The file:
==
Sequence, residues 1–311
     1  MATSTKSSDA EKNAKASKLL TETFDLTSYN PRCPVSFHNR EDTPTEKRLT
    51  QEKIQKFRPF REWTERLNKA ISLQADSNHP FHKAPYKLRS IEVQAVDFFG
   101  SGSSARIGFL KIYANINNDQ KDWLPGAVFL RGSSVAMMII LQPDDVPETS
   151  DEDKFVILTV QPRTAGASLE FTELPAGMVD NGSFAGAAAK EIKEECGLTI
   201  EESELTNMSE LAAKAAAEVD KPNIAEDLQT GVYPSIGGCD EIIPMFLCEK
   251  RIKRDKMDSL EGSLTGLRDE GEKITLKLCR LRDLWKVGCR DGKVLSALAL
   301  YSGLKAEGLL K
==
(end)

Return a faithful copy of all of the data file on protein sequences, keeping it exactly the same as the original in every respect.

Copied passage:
Sequence, residues 1–311
     1  MATSTKSSDA EKNAKASKLL TETFDLTSYN PRCPVSFHNR EDTPTEKRLT
    51  QEKIQKFRPF REWTERLNKA ISLQADSNHP FHKAPYKLRS IEVQAVDFFG
   101  SGSSARIGFL KIYANINNDQ KDWLPGAVFL RGSSVAMMII LQPDDVPETS
   151  DEDKFVILTV QPRTAGASLE FTELPAGMVD NGSFAGAAAK EIKEECGLTI
   201  EESELTNMSE LAAKAAAEVD KPNIAEDLQT GVYPSIGGCD EIIPMFLCEK
   251  RIKRDKMDSL EGSLTGLRDE GEKITLKLCR LRDLWKVGCR DGKVLSALAL
   301  YSGLKAEGLL K